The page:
White-tailed deer are often seen along the edges of forests and farms. (Jane Hawkey/IAN Image Library)
The white-tailed deer is a brownish, medium-sized deer that is found in forests, farms, parks and backyards throughout the Chesapeake Bay watershed.
Reddish-brown coat that turns grayish-brown in the winter
Large tail that is white underneath
Young (called fawns) have a reddish coat with white spots on the back
Males (called bucks) have antlers that they shed in late winter and grow out in spring
Males grow to 5 feet long and 3.5 feet tall at the shoulders, and can weigh 50-300 pounds. Females (called does) are about one-third smaller.
Found in forests, farms, parks, backyards, open areas of brush and the edges of wetlands
Often migrates to swamps in the winter
Usually quiet and solitary, although females live with their young
Found throughout the Chesapeake Bay watershed
Usually remains within a home range of about 250 acres
Eats fruits and vegetation that are available to them each season
In spring and summer, feeds on green plants such as leaves and aquatic vegetation, and fruit such as apples and berries
In autumn, feeds on nuts, acorns and crops such as corn and soybeans
In winter, feeds on woody vegetation such as bark, twigs and buds of hardwood and pine trees
Humans are the white-tailed deer’s only major predator
Bobcats, wolves and coyotes used to be major predators but populations of these carnivores have fallen significantly
Makes a loud, whistling snort when alarmed
Injured deer may make a loud blatt
Reproduction and Life Cycle:
Mates during rutting season, which extends from late September-February with a peak in November
Most deer begin mating around 18 months old, although some females mate as young as 7 months old
Bucks fight each other by clashing antlers to determine who can mate with a particular female
Does give birth after about 6.5 months (between May-June). They usually have only one fawn the first year, but may have twins or triplets in following years if food is plentiful.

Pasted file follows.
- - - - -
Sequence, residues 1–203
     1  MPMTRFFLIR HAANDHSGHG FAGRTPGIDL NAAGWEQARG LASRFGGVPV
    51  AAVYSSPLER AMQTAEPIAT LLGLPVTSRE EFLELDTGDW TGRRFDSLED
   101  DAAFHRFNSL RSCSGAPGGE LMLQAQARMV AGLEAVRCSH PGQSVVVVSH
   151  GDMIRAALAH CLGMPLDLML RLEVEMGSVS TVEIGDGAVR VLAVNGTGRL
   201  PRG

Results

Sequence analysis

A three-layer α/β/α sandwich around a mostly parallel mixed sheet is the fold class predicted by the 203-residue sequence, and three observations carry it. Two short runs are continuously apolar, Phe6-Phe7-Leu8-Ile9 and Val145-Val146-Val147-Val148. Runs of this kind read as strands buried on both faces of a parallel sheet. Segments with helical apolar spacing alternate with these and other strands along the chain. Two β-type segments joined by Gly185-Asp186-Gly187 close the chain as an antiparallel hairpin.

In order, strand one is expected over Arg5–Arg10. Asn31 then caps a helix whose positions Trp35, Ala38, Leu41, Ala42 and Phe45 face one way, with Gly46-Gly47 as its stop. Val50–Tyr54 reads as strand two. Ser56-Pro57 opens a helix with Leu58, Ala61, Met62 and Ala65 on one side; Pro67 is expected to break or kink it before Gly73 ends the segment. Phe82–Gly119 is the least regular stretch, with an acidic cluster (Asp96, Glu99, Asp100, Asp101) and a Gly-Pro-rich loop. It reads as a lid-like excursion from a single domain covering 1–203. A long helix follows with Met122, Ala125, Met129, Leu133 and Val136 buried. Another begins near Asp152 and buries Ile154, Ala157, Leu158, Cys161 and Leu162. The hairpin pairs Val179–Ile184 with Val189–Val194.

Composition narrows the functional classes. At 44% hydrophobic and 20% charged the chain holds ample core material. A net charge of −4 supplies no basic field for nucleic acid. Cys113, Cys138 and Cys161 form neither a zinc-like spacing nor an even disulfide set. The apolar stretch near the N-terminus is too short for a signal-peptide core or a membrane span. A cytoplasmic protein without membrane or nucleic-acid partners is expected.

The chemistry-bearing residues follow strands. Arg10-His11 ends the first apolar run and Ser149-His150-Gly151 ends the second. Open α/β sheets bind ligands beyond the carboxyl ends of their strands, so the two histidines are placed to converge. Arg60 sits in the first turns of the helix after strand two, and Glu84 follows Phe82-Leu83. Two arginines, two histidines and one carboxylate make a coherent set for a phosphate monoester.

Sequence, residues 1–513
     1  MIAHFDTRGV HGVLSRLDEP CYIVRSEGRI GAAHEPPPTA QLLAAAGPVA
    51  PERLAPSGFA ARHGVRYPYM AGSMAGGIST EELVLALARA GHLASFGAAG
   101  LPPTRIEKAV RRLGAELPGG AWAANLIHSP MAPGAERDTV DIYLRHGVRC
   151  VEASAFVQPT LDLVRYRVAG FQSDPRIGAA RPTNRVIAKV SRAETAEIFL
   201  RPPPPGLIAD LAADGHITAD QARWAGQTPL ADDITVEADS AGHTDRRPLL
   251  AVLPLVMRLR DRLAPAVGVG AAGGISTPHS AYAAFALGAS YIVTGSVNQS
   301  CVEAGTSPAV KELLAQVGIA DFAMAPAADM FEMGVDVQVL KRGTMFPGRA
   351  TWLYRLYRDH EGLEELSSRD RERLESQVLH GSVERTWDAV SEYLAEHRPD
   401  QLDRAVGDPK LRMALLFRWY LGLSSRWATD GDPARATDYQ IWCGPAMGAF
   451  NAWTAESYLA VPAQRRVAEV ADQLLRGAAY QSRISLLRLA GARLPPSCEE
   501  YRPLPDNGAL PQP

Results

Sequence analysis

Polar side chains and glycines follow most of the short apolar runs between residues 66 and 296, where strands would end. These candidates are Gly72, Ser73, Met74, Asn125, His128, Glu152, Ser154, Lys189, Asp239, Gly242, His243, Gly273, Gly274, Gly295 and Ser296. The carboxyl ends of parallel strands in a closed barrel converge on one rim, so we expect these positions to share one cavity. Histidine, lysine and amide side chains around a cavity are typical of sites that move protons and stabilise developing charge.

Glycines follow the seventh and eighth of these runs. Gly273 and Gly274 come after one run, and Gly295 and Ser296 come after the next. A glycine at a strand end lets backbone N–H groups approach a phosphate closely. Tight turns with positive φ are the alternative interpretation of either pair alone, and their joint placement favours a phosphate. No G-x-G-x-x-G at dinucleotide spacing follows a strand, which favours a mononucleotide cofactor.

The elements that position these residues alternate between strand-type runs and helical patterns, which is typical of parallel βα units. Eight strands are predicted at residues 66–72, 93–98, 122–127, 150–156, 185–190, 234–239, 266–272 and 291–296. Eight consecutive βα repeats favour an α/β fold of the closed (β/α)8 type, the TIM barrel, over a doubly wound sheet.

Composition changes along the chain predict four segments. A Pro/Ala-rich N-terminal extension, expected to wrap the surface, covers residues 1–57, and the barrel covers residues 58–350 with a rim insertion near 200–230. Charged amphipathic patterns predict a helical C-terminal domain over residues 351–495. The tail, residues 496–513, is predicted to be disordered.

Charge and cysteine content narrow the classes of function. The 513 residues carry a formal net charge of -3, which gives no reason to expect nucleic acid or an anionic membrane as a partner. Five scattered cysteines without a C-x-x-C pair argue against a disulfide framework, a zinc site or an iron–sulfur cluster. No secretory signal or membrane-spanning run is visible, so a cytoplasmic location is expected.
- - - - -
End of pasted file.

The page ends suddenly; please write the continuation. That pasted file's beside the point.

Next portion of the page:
Fawns can walk at birth
Fawns are weaned at 8-10 weeks old but begin to graze before this time. They stay close to their mother while foraging, except when she is out in the open, when fawns will hide by lying very still on the forest floor.
Male fawns may stay with their mother for one year, while females fawns stay for two years
Bucks begin growing their first rack of antlers in the spring following their birth
Can live to 16 years in the wild, but usually only lives about 2-3 years and rarely past 10 years
Also known as the Virginia deer
Gets its name from the white underside of its tail, which it will raise like a flag when alarmed
Remarkably good swimmers and agile runners that are capable of reaching speeds of 35 miles per hour and jumping 30 feet horizontally and 8.5 feet vertically
Have become overabundant in some areas because of their lack of predators, flexible feeding habits and ability to adapt to areas settled by humans
Bucks begin to shed the skin (called velvet) on their antlers in autumn due to lessening light, which causes bucks to produce more testosterone. In spring, increasing light triggers bucks to begin growing new antler buds, which push out old antlers just like adult teeth push out baby teeth in humans.
Sources and Additional Information:
Chesapeake Bay: Nature of the Estuary, A Field Guide by Christopher P. White